Look for sites that are well known organizations, government agencies, or educational pages. The URL of these sites end with .org, .gov, or .edu.

Skim and scan:

skim and scan

Read the title. Check the description for the keyword. It will be bold. Glance over the text looking for words that match the facts you need.

Notice if the site is an Ad:

boost search strategies

Websites can pay to be at the top of the search results. The listing will be labeled Ad. Just because it is first does not mean it is the best.

Check the sources:

search strategies sources

A website may list their sources of information. Often, they are links to online articles. Verify that they are high-quality. If they are, use them.

Use Find to highlight facts:

search strategies using find

If there is a lot of text, use the Find feature. Press CTRL+F on the keyboard. Type a word into the search box. If it is on the page, it will highlight. Jump to each place where the word appears using the Previous and Next buttons.

Use multiple search engines:

search strategies using search engines

Use more than one search engine such as: Bing, Google, or Duck Duck Go. Each provides different results.


TechnoEarth to Boost Search Strategies

technoearth icon
TechnoEarth Technology Project

TechnoKids’ newest project, TechnoEarth, inspires students to become environmental stewards. As they research an important issue, they develop and refine search strategies. Then, using Google Sites, they design an interactive, web-based infographic that outlines the cause, harmful effects, and solutions. The publication also summarizes stakeholders, highlights interesting facts, and pinpoints the location of the problem. Students inform the public about the environmental issue, raise awareness, and spark action.

Check out the next blog post to get a fun activity from TechnoEarth. Students search for information and explore these tips to build proficient search skills.

Create an Infographic Using Google Sites

Middle school students can design an infographic using Google Sites. Google Sites, is a free app to anyone with a Google account. It is primarily a web design tool. However, it has many features that make it the ideal way for students In Grades 6-9 to create an infographic that is interactive, compelling, and lots of fun to build!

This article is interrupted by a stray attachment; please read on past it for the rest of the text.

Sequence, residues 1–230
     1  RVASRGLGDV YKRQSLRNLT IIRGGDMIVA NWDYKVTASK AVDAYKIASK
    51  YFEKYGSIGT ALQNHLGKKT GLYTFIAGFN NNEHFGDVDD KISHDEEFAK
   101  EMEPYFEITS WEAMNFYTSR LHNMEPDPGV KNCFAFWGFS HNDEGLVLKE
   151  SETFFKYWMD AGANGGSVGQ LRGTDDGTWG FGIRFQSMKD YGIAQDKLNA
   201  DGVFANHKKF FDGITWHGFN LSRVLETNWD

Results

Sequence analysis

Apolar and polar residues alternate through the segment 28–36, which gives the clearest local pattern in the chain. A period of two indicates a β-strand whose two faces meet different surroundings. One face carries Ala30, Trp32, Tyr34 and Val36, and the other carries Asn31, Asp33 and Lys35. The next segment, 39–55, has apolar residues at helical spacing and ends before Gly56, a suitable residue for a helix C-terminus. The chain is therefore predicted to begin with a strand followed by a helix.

In a recent blog, we listed reasons for teachers to assign an infographic as an innovative method for students to demonstrate their learning. An infographic’s characteristics – simple graphics and brief text – as well as its interactive nature make it an ideal means of communication. As an alternative to report writing, students must use higher order thinking skills such as analysis and synthesis to summarize and condense information to the most essential facts to create an infographic.

google sites

The next decision is “What app should we use?” Here are some reasons to use Google Sites as an unlikely but ideal program to easily create an interactive infographic with elementary and middle school students.

Google Sites: A Great Fit for Making an Infographic

Divide Information Visually with Layouts

In Google Sites, the banner for the page title and various layout options are perfect for designing an infographic. The image blocks visually divide the separate parts of the infographic, which may be headings and text, clipart, number facts, links, and pictures. Sections draw the reader’s eye through the various parts of the document. The nature of simple web page building using image and text blocks makes creating an infographic with this tool so suitable.

infographic
Create an infographic using Google Sites that chunks the information into sections using Layout options.

Add Professionalism Using Themes

Google Sites helps students produce a professional looking infographic using themes. When a theme is chosen, the web document is limited to a coordinating palette of colors and fonts. This not only results in a high quality design but the publication appears well organized and integrated too. Scanning through the infographic is easier when the parts have a similar appearance.

Search for Images

Working within Google Sites, students can find and display the simple images that are typical of infographics. These cartoon-like pictures are used to convey data or facts quickly. Using the Insert Images tool, students search with keywords. By restricting the results to just Clip art or Line drawings, they can eliminate photographs and just find basic, universally recognized images ideal for an infographic.